I attended a small (about 160 students per grade) Midwestern high school only ten minutes from a metropolis, but the neighborhood had large houses with high property taxes and the district had gerrymandered the auto-enrollment zone to keep the school about 90 percent white with a smattering of Asians (several boys named Tenzin). This is why it’s considered to be a top-10 public school in the state, which is sort of like excelling at the Special Olympics.
There were also a handful of bused-in blacks from the inner-city; I’d see these youths roaming the halls, but they were never actually in any of my classes. However, rumor has it that they indeed attended and graduated from the institution.
I then attended a small college not far away, but a staggering amount of the studentry was non-white. There I played an integral role as one of three white guys on the basketball team; a role that chose me because I chose tall parents. One can play hockey only as long as he can stand answering “no” when strangers ask if he plays basketball.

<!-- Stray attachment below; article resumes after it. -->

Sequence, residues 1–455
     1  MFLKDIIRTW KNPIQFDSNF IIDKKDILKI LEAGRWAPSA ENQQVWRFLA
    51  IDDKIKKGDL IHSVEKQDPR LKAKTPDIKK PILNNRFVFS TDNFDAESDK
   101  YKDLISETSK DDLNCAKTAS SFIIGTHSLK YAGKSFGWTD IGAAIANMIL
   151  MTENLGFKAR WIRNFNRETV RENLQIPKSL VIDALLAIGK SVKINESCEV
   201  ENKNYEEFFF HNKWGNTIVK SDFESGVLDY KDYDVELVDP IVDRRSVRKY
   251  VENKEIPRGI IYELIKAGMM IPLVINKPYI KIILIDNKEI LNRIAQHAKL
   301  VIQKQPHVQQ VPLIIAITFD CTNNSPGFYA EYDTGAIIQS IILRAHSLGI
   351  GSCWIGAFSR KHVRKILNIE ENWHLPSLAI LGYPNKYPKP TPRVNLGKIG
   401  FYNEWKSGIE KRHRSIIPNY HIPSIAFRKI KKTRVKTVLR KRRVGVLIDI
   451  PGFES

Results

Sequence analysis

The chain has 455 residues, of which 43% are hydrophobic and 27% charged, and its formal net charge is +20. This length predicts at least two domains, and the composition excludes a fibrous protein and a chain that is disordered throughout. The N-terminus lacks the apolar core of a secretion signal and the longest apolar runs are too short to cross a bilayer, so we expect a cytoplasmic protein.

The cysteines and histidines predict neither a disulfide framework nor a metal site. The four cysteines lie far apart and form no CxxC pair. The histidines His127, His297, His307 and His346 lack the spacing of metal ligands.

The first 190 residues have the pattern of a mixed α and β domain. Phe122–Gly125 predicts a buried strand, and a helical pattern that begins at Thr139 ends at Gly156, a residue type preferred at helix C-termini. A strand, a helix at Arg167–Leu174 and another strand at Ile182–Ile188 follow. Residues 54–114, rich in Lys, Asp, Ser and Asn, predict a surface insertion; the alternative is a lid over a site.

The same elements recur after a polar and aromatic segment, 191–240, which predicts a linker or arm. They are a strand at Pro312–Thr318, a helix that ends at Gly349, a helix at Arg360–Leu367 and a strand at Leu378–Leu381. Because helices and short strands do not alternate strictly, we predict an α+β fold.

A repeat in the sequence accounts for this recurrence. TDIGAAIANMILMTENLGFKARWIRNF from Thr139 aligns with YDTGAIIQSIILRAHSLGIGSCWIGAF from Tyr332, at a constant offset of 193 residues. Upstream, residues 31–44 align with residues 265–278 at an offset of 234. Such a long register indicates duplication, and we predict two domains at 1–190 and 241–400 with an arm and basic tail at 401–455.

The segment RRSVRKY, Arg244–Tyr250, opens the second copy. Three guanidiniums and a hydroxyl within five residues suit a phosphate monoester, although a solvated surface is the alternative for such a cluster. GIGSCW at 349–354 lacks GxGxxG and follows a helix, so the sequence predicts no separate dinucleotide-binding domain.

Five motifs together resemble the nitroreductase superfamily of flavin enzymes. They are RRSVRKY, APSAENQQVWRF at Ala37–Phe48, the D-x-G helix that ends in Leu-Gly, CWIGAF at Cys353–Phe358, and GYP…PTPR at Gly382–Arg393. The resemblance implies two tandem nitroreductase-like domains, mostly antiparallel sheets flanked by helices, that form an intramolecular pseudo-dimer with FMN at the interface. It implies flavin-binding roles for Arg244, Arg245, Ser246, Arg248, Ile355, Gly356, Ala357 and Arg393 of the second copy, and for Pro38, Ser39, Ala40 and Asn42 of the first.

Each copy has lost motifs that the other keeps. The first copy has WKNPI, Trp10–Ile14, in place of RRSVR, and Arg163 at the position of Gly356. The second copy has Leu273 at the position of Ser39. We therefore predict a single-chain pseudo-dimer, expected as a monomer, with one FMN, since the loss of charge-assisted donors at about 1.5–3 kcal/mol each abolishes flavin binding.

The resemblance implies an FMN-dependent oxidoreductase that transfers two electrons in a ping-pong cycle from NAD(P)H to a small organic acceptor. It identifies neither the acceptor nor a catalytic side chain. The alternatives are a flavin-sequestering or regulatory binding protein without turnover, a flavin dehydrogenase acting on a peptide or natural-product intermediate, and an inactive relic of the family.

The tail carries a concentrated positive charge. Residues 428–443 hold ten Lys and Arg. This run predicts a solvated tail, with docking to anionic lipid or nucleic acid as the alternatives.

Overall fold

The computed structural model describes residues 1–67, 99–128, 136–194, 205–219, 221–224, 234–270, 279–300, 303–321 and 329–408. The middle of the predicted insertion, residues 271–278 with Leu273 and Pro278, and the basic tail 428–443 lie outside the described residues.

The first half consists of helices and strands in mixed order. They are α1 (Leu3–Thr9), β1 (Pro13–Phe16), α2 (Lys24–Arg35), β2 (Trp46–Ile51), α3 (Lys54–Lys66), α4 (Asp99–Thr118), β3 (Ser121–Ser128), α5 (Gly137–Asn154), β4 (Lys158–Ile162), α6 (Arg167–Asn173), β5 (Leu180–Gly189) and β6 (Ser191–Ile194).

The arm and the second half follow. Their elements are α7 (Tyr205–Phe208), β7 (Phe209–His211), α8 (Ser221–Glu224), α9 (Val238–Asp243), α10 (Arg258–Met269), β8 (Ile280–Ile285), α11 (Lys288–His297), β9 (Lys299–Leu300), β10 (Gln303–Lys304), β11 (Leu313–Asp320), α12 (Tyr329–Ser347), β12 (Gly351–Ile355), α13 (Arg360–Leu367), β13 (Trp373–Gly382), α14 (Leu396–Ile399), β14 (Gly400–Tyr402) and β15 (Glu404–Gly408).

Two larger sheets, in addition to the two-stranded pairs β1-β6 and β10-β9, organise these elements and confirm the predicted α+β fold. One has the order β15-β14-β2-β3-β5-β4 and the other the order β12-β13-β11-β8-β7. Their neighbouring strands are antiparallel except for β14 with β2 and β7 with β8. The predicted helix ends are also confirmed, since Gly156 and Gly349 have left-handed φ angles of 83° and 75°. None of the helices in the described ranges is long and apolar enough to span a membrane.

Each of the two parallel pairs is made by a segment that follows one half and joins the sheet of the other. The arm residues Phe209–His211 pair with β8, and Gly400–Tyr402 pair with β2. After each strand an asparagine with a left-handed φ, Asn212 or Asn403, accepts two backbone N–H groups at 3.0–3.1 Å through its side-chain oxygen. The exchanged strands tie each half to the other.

During this time, I discovered two things about race: it is simple and complicated.
The basketball courts had daily open hours during which many pick-up games were played. Seemingly every man in the school tested his mettle against the guys who had made the team; they all wanted to prove to us that they could be a member if they really wanted. They couldn’t, of course, and most were terribly unskilled. However, I was flabbergasted by the number of 5’9” black guys who couldn’t walk while chewing gum, but performed windmill dunks without so much as a warm-up. I had played with a few black kids in high school and our conference had some talented youths, but it’s difficult to show off how athletic one is during intense competition unless one is leagues ahead of the opposition. I had discovered why the NBA is 82 percent non-white, and the only white guys who could dunk picked tall parents.